Water project leads to mass relocation

08:09, February 24, 2010      

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The Malingkou Reservoir in southwest China's Guizhou Province is seen completely dry. The drought in the province affects 4 million mu (266,800 hectares) of farms and is causing difficulties for 1.5 million people in obtaining drinking water. (Photo: Xinhua)

The mass relocation of residents affected by China's giant South-to-North Water Diversion (SNWD) project will accelerte this year after years of waiting.

Conflicts of interest among different parties and time pressures have made carrying out the plan – the government's second largest in six decades – a big headache for local governments.

According to the Xinhua News Agency, at least 440,000 residents will be relocated to make way for the first stage of the project's eastern and central routes, with 330,000 of them living in Henan and Hubei provinces and around the Danjiangkou Dam reservoir.

The water level of the reservoir will be raised by 10 meters in order to create an incline to transport water to Beijing via the central route.

"More than 100,000 people will be relocated every year from 2010 until 2014, when the central route is expected to be completed," an official from the SNWD project office was quoted by the 21st Century Business Herald as saying Tuesday.

Sun Jianwen, director of the Shiyan Migration Bureau, told the Global Times Tuesday that the burden of 180,000 people's relocation in Hubei Province falls mainly on the Shiyan municipal government, while around 10,000 have so far been resettled, locally or to other cities in the province, as part of the pilot project.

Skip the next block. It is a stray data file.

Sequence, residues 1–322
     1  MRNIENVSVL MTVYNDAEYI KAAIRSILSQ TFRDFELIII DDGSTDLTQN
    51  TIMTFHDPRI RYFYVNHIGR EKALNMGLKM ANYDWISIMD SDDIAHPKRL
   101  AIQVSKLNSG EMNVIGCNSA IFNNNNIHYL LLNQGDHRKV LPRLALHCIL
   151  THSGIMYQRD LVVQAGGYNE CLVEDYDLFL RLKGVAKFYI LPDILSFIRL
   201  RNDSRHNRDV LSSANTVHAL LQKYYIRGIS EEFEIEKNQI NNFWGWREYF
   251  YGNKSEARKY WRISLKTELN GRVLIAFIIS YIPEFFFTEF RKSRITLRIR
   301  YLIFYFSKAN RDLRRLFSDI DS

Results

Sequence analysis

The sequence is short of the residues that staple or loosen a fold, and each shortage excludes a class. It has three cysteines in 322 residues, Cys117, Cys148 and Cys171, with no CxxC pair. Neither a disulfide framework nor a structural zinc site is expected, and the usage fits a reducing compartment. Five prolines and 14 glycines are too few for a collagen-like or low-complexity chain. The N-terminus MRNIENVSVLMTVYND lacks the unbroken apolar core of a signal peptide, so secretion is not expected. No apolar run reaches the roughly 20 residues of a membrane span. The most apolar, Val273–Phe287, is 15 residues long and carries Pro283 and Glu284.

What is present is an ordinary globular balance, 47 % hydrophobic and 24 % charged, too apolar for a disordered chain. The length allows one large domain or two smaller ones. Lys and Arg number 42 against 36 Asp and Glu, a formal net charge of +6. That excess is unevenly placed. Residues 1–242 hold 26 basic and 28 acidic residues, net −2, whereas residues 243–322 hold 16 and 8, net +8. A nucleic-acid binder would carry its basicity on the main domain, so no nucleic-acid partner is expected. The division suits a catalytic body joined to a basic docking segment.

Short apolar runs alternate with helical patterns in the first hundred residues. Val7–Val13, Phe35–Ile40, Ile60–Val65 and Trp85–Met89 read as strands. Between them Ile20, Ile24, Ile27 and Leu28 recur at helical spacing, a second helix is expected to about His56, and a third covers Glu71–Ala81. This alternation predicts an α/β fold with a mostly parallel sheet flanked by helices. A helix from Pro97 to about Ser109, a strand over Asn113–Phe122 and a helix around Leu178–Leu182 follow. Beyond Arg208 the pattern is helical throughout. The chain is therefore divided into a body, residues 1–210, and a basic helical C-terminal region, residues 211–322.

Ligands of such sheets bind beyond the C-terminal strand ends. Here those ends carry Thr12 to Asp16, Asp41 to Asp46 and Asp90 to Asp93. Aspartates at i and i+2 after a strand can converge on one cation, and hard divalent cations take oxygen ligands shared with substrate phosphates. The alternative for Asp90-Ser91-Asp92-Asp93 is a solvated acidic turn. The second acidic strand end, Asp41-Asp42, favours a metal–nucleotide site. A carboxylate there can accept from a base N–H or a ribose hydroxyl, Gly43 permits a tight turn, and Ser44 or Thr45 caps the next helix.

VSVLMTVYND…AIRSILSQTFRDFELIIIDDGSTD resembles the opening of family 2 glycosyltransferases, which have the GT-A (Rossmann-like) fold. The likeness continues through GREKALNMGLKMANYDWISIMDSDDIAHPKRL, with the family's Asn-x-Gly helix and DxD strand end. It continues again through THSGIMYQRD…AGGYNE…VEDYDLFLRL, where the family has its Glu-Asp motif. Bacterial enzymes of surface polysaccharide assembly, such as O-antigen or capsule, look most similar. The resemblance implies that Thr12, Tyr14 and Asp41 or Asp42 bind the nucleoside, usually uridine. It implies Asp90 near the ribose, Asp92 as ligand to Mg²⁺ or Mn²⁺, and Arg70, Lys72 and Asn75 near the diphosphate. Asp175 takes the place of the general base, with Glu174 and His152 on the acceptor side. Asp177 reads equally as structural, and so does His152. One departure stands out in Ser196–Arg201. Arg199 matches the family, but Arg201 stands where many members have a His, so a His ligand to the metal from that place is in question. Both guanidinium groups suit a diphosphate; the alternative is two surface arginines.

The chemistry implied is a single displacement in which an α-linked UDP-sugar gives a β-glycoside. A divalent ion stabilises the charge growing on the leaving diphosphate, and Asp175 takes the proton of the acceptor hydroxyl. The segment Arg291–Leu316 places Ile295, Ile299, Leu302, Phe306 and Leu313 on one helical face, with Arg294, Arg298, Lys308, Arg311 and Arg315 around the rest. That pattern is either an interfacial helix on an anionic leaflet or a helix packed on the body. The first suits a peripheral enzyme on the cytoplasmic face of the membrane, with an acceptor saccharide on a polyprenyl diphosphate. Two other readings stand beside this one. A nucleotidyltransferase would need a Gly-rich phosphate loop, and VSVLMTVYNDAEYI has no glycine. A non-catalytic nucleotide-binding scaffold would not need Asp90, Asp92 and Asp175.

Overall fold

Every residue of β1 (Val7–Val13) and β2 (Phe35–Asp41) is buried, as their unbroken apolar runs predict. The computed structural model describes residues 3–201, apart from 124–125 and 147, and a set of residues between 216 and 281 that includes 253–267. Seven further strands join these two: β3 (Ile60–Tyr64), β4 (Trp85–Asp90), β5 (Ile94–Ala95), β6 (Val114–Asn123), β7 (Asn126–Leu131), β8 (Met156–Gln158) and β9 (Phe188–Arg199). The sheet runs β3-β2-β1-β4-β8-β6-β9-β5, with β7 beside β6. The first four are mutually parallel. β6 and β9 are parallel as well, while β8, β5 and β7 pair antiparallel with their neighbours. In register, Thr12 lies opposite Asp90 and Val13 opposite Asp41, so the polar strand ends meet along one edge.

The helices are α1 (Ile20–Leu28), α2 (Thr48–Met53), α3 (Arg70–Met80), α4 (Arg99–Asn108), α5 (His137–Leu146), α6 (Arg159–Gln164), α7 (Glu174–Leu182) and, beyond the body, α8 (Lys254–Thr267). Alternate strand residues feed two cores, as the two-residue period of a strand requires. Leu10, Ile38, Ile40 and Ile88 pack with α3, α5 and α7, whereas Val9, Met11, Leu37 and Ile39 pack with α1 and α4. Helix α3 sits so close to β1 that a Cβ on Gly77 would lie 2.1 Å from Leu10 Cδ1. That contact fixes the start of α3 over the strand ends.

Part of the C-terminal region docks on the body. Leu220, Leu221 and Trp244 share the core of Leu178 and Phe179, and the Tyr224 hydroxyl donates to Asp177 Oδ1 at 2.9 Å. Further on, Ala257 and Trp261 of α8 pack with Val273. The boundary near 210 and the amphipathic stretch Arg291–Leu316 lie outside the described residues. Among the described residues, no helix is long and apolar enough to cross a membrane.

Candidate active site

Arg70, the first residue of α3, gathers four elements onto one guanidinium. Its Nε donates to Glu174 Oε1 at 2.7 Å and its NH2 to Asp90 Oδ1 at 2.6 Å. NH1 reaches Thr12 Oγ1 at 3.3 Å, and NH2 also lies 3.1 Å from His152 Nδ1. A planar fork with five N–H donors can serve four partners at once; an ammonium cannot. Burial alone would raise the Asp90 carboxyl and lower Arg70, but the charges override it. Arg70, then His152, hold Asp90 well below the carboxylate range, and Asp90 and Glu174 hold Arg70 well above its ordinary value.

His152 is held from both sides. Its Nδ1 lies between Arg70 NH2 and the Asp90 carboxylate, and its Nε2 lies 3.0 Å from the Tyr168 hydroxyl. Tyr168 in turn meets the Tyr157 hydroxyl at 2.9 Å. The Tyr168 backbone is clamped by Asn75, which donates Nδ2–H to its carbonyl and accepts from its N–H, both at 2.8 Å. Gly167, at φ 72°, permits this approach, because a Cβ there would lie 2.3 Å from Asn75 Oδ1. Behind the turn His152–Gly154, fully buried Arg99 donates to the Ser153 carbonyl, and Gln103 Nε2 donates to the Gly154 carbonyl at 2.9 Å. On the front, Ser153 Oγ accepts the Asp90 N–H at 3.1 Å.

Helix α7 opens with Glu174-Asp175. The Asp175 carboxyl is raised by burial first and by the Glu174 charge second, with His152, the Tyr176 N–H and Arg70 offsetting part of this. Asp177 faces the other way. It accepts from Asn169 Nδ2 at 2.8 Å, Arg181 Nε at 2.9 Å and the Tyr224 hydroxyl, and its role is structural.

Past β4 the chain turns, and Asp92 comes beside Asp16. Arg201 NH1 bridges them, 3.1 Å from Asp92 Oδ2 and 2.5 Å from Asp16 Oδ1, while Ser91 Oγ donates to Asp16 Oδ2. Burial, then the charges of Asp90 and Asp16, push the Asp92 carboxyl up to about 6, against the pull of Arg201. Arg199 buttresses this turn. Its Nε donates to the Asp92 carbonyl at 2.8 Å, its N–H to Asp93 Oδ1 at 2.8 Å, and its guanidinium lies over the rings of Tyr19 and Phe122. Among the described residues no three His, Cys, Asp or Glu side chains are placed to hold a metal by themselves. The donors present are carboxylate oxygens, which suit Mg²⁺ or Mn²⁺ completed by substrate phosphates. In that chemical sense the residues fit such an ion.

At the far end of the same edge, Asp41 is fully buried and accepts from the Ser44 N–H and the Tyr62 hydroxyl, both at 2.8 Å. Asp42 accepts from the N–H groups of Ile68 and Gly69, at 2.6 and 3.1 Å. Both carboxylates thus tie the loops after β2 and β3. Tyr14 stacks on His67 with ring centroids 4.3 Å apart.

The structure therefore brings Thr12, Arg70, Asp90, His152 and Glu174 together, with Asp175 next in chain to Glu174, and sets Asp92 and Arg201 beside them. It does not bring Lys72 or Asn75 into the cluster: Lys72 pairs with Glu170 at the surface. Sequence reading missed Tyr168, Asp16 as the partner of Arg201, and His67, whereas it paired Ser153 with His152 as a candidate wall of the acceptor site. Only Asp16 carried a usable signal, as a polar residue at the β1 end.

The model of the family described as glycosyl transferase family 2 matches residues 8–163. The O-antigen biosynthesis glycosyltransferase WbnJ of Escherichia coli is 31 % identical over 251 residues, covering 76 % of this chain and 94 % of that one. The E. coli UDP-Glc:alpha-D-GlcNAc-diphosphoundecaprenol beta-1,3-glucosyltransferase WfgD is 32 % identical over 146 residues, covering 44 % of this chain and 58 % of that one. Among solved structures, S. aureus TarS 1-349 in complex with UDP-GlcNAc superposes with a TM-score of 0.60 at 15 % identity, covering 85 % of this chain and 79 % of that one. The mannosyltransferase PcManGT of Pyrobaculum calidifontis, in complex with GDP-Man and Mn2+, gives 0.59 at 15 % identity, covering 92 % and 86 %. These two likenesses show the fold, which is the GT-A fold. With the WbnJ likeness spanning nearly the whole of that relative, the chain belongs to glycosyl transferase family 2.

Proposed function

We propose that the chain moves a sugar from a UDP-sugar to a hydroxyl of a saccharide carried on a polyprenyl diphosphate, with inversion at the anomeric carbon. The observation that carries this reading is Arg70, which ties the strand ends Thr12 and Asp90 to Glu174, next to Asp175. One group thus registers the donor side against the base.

Ding Guangjun and his family, who lived in Junxian county in Shiyan, were among the first batch to begin the exodus. They were moved south to a designated relocation area in Zaoyang city in late August.

"The natural environment here is better than that in my hometown. But the living standard here is very poor," Ding told the Global Times.

The economic disadvantage, however, doesn't seem to have prevented Ding from joining the first 80 households to leave their hometown.

He said the compensation package for resettling includes a one-off 7,400 yuan ($1,088) payment and 1.5 mu of farmland subsidies per person.

Ding declined to offer an exact quantity, only saying that he was paid some 40,000 yuan more for farm and land compensation. "The amount varies according to different conditions of households," Ding said.

Ding and his neighbors in the county had waited for 17 years before the relocation. The growth of Junxian county was practically frozen due to a national order, calling for infrastructure construction in would-be inundated areas to stop.

The order was issued in 1992 after a feasibility study was accepted, the Beijing News reported Tuesday.

There is no supermarket, Internet cafe or even bus station there, the paper said.

"We thought then that we would move soon and didn't expect the wait to last 17 years," Zhang Peihai, a 45-year-old villager in the county, was quoted by the newspaper as saying.

"I am not a young man any longer and am bad at adapting to a completely different environment," Zhang told the newspaper.

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